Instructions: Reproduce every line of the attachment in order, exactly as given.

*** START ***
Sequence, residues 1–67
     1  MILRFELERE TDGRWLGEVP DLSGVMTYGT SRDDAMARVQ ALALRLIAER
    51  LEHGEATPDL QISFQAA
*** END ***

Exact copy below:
Sequence, residues 1–67
     1  MILRFELERE TDGRWLGEVP DLSGVMTYGT SRDDAMARVQ ALALRLIAER
    51  LEHGEATPDL QISFQAA